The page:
Erdogan inaugrates first mosque in Istanbul’s Taksim Square

President Erdogan said that,“Taksim Mosque now occupies a prominent place among the symbols of Istanbul," expressing his thanks to everyone who contributed to the long struggle for the construction of the mosque.

Ankara: Turkish President Recep Tayyip Erdogan on Friday inaugrated the first mosque in Istanbul’s famous Taksim Square, after decades of court battles and public controversy over building a major religious symbol in the Turkish Republic.

President Erdogan said that,“Taksim Mosque now occupies a prominent place among the symbols of Istanbul,” expressing his thanks to everyone who contributed to the long struggle for the construction of the mosque.

“God willing, it will stay until the end of time.”

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Thousand prayed in its outer courtyard as the mosque quickly filled up on Friday. (Image Credit: Middle East Eye)

Reported by Al-Jazeera, “Fulfilling a decades-old goal (30-year dream) of his to build a Muslim house of worship in the heart of Turkey’s largest city,”said after performing Friday prayers at the site.

The majestic mosque features a dome 30 meters (98 feet) high and combines an Ottoman arch with a contemporary arch. It can seat 4,000 people and can be seen from almost anywhere in the city.

The opening was met with the enthusiasm of many, as several thousand prayed in its outer courtyard as the mosque quickly filled up, the LED screens on the square showing congregants performing their first prayer at the mosque.

LED screens on the square showing Turkish President Recep Tayyip Erdogan speaking after the Friday prayer (Image Credits: Al Jazeera)

On Friday, officials posted a video on Twitter showing Erdogan in 1994, the year after becoming mayor of Istanbul, pointing from the top of a building toward the area where he said he would build the mosque, the exact place he now stands.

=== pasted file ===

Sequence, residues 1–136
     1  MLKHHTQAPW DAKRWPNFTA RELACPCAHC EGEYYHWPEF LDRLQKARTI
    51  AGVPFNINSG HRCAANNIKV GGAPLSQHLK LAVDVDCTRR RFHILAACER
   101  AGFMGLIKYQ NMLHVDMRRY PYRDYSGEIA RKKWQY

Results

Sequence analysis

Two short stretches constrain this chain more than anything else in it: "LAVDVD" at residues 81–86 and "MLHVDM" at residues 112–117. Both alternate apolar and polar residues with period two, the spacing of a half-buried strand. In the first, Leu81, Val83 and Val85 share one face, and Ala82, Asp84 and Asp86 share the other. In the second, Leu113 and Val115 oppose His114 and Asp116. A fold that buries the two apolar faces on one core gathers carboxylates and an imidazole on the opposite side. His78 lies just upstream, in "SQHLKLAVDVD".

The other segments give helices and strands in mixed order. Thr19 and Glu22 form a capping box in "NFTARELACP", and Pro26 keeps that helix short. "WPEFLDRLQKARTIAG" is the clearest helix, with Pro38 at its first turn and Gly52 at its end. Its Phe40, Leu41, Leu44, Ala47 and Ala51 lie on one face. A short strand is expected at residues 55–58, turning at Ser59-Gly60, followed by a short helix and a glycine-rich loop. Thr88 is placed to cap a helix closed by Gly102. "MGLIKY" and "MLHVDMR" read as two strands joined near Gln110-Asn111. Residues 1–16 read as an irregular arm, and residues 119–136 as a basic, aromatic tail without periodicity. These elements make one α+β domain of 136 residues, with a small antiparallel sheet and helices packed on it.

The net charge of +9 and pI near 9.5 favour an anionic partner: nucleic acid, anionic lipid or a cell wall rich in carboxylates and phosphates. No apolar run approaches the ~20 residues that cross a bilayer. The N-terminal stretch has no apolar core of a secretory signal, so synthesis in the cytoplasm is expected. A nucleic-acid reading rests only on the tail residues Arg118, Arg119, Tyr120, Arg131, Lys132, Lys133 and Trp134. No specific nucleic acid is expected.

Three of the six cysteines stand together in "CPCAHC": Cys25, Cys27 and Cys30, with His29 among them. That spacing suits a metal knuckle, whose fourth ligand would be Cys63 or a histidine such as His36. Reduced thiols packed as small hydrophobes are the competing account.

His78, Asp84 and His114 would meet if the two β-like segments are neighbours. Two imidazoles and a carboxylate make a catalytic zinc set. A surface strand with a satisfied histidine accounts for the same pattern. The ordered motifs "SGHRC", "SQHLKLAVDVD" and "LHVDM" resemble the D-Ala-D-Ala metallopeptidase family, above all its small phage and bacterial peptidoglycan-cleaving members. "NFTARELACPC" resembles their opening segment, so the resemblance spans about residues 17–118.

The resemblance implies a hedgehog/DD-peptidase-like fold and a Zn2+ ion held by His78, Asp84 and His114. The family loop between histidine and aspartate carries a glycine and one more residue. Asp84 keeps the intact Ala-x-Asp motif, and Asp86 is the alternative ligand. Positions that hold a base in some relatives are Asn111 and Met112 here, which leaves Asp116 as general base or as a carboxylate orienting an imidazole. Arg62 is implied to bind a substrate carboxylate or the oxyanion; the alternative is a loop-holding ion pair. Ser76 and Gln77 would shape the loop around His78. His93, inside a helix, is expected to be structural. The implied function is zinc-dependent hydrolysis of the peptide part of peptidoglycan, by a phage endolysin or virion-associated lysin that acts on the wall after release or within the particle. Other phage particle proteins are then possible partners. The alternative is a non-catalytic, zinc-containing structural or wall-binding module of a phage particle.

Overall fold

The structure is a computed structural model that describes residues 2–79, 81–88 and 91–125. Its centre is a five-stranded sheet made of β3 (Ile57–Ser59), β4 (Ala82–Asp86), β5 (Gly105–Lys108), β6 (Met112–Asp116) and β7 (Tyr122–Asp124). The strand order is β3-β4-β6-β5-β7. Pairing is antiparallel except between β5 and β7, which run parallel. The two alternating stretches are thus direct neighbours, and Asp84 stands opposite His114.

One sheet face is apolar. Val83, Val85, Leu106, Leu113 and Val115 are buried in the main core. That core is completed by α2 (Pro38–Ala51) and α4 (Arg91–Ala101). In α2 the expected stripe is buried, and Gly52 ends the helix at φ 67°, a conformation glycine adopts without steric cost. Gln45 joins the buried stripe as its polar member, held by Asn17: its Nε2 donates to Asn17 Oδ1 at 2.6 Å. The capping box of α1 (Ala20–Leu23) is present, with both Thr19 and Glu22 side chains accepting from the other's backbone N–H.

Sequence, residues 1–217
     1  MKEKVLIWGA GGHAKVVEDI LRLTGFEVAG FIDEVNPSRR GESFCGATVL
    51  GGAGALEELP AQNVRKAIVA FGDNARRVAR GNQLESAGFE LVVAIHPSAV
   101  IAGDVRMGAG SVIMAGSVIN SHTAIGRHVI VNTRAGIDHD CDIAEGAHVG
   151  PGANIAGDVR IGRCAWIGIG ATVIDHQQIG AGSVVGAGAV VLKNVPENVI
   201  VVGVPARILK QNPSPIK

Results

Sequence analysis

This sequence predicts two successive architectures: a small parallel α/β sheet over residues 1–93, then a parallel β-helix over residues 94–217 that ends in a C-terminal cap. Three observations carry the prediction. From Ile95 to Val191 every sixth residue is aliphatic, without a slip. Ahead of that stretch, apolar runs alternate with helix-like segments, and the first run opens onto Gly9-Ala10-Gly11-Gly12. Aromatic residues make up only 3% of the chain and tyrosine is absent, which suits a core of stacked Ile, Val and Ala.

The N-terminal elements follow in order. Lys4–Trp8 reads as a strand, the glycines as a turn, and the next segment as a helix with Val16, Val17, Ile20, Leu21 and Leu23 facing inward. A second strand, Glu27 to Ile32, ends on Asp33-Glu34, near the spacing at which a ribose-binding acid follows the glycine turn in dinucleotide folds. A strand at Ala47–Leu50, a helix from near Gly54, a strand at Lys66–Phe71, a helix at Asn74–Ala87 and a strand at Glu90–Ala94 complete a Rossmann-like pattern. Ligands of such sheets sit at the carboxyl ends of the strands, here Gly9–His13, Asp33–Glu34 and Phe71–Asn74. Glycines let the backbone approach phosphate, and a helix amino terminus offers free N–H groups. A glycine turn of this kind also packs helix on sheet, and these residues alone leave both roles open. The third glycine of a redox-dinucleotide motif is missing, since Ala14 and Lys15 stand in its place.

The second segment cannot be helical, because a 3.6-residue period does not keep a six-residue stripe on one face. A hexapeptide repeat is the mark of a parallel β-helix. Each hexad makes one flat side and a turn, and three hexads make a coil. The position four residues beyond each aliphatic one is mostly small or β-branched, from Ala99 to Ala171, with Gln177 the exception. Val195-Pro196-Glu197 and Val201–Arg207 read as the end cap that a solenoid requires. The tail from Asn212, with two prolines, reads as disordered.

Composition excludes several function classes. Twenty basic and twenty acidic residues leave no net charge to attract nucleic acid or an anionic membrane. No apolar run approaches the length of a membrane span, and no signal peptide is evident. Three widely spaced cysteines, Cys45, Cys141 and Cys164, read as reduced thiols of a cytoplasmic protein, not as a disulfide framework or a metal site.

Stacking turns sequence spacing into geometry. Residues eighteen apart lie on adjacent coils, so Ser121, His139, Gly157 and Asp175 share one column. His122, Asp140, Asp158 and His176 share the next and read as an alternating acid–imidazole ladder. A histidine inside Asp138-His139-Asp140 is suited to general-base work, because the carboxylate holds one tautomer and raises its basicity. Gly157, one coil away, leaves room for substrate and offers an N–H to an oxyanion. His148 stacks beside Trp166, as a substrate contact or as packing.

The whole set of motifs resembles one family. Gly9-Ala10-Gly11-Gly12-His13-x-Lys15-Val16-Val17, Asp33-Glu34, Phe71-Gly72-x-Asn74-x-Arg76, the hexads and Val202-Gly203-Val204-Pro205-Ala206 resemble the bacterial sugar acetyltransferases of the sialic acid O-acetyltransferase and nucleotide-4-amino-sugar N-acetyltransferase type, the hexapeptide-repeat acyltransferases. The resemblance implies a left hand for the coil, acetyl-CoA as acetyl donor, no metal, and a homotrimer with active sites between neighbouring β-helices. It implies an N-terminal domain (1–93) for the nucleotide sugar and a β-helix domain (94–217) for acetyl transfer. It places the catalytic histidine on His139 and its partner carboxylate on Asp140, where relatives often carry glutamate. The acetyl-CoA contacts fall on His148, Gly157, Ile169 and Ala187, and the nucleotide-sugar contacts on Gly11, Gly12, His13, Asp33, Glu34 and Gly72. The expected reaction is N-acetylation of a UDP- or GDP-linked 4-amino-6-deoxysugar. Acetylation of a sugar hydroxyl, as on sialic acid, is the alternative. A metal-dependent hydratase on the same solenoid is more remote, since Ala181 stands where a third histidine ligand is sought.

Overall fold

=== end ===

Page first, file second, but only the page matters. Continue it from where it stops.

“There wasn’t even a prayer room and the faithful had to make do with praying on newspapers on the ground,” Erdogan said at Friday’s inauguration.

Supporters of the Taksim project said that there are not enough places of worship for Muslims near one of the city’s busiest centers.

Although Turkey is a Muslim-majority country, the mosque’s construction was criticised when it began in 2017, with some opponents accusing Erdogan of seeking to “Islamise” the country and displace the founder of the secular modern republic, Mustafa Kemal Ataturk.

The mosque was initially scheduled to open during the holy month of Ramzan. But Erdogan, did not pay strict attention to the timing of the events, finally chose to reopen the mosque in memory of the day the anti-government protests began in 2013. The square was the center of the demonstrations known as the “Gezi movement” and was met with a harsh response from the police.

The opening also comes a day before the anniversary of the Ottoman occupation of Constantinople in 1453, and it is a special day for the president who feels nostalgic for past glories. During the inauguration, Erdogan said he saw the Taksim mosque as a “gift to celebrate the 568th anniversary of the conquest of Istanbul.”

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